Not all oils are created equal and that is especially true when considering the differences between cold-pressed and refined oils. Ask culinary students about the benefits of cold pressing and they might begin describing cold brew coffee. And that answer may be partially correct as both extraction processes do not use heat.
Teaching students when and how to use oil and which oil to select is a foundational cornerstone of cooking and baking. Take a tour of various oils and how they are made, learn about their nutritional content and discover what oil is best for what application.
A lesson on unrefined oil
What is the difference between unrefined and cold-pressed oil? If you answered not a thing, you are correct.
Unrefined and cold-pressed oils are created by extracting oil without using heat or chemicals where the temperature is below 122 degrees F. Extra Virgin Olive Oil (EVOO) is the most recognizable cold-pressed oil. Olives are crushed into a paste and the oil is forced out through pressure. Canola, sunflower, coconut, peanut and grapeseed oils can also be unrefined. The benefits of this natural extraction process include oils that are more flavorful, nutritious and delicate than their refined counterparts. Using EVOO as an example, it is usually a darker green color with pronounced grassy and peppery flavors. It also has a fruity aroma and is higher in antioxidants. The reason it’s not used for more applications is that it costs more to purchase and will burn above 160 degrees.
Refined oils are made from a process that involves heat and chemical solvents or filters such as charcoal to extract the oils. During manufacturing, the color, odor, viscosity and bitterness are refined to a consistent point. Canola, corn and vegetable oils are examples of refined oils. Even though they are less nutritious than their unrefined counterparts, their burn point is much higher, depending on the oil.
Positive health aspects of cold-pressed oils
The health benefits of unrefined oils such as avocado oil come from their healthy fats and high antioxidant content. Bitter almond oil is excellent for cooking and is known to contain antibacterial, antiviral, anti-fungal, anti-spasmodic, anti-inflammatory and anti-itch properties. Plant-based oils are lower in unsaturated fat making them a healthier oil to consume. And, studies have proven that sesame oil can help in the management of blood glucose levels and also helps in controlling high blood pressure.
Pairing oils and applications
Catania Oils Chef and Regional Sales Manager Peter Hyde suggests pairing these oils and applications:
- Unrefined oils are best for baking
- Salad dressings (only unrefined) – almond, avocado, coconut, grapeseed, hemp, olive, walnut, canola and soybean
- Finishing oil (only unrefined) – almond, walnut, pistachio, coconut, avocado and olive oil
- Sautéing – olive, soybean, canola and sunflower
- Stir fry/frying – avocado, corn, peanut, palm, safflower, sunflower, soybean and cotton
- Roasting – any of the oils used in sauté or salad dressings
- Grilling – avocado, corn, peanut, palm, safflower, sunflower, soybean and cotton
Chef Hyde suggests using unrefined, plant-based oils for infusing flavors such as basil, garlic and chili peppers because these oils absorb the flavors more readily and can be stored at room temperature or refrigerated without congealing. Flavored oils pair particularly well with finishing and salad dressings oils.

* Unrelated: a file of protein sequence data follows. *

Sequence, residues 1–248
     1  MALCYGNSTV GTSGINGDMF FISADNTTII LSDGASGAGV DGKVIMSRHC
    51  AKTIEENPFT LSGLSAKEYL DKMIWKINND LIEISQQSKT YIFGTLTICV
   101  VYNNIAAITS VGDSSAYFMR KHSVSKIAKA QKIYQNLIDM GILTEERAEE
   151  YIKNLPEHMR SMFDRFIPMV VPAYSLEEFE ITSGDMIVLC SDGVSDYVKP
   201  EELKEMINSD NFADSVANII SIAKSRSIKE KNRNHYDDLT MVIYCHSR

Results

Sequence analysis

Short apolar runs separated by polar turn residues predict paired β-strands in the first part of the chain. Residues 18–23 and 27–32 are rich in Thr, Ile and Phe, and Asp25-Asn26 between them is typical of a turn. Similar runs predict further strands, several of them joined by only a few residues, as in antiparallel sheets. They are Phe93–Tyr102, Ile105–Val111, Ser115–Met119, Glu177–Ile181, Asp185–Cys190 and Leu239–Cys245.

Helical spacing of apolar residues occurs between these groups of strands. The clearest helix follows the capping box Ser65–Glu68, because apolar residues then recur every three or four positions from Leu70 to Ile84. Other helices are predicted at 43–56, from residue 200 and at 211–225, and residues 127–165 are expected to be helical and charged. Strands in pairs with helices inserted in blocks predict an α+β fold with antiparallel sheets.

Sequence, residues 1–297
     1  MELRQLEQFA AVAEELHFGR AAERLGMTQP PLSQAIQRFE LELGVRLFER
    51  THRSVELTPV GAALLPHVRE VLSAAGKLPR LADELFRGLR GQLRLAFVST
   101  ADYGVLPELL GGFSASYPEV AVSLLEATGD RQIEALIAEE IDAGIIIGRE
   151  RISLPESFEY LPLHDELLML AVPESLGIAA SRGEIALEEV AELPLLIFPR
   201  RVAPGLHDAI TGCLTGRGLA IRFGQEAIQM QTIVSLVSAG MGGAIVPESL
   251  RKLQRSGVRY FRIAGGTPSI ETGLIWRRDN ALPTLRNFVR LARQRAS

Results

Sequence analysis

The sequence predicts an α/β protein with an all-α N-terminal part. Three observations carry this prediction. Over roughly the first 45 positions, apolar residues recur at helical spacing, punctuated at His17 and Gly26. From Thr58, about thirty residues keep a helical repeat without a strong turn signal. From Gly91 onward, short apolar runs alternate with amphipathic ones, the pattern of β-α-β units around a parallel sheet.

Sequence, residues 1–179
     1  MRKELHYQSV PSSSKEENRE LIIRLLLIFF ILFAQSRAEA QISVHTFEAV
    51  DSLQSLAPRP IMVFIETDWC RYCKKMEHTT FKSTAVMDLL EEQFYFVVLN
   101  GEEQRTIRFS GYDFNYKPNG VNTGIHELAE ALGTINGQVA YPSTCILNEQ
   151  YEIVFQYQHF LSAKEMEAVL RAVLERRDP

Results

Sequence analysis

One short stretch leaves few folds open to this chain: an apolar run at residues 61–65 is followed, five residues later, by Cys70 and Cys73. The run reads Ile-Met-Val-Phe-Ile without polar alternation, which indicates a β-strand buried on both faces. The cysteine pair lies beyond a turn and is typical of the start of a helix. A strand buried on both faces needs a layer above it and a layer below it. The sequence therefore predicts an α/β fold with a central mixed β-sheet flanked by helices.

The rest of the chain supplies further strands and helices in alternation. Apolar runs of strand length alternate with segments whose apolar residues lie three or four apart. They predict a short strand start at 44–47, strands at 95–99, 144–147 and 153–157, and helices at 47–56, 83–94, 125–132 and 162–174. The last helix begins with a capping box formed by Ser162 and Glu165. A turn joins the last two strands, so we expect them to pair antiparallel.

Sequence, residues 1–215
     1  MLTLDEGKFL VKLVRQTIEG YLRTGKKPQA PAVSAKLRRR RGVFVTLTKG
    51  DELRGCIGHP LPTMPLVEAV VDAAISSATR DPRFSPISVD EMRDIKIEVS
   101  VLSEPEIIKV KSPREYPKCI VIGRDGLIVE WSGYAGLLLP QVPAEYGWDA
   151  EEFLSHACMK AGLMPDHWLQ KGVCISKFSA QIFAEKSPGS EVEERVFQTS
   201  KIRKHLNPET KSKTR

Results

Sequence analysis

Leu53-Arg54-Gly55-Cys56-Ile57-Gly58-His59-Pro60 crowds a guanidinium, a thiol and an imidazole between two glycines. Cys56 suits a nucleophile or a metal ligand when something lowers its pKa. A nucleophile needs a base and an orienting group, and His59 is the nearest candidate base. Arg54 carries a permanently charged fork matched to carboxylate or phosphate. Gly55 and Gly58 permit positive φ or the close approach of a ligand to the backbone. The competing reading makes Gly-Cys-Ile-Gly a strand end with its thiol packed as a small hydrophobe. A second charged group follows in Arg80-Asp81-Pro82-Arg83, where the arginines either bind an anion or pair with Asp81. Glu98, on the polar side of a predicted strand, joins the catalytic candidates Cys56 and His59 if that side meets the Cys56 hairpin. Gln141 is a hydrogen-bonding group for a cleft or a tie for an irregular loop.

Innovative application with unrefined EVOO
Chef Hyde describes how he uses EVOO to poach fish, chicken, veal and artichokes.
“This is a very special method because traditionally chefs use EVOO in cold applications and would never think of using it in a hot application because it has a low smoke point. EVOO has been extracted from the olive in its natural form and contains all its natural flavoring and color. Unfortunately, this means the oil will burn at high temperatures and cannot hold up to the rigors of high-heat applications such as sautéing, deep frying and pan frying.
“Poaching with EVOO requires the temperature to be kept under 160 degrees F. Once the temperature is reached in a saucepan I add a fresh bay leaf, thyme, black peppercorns and yellowfin tuna. I will poach it for six minutes and then turn off the heat and let the tuna steep in the oil. The tuna and oil can be put in the refrigerator when cool and used the next day or remove the tuna from the oil and serve warm. Besides fish, I have poached chicken, veal and artichokes.
“The advantage to poaching with EVOO is that it will impart all the flavors of the olive oil into the protein that you choose to cook. These flavors vary but typically include stone fruit, herbaceous, grassy, peppery, vanilla, and citrus notes. Once the oil is used for poaching, it can be refrigerated and used to either poach another protein or recycled to make a salad dressing or finishing oil.”
Chef Hyde suggests other unrefined oils appropriate for poaching include avocado, sesame, almond, hempseed, flaxseed and walnut. “For example, if a chef uses coconut oil, it will impart a tropical creamy finish and is one of the medium-chain triglycerides (meaning they are metabolized differently than the long-chain triglycerides) which offers additional health benefits,” he said.
Olive oil resources
Click here for a resource guide on the various types of olive oil, whether they are pressed or refined, heat tolerances and flavor notes.
Click here for a previous Gold Medal Classroom that further discusses cooking with olive oil detailing storage methods and various smoke points.
Photos courtesy of Cantina Oils.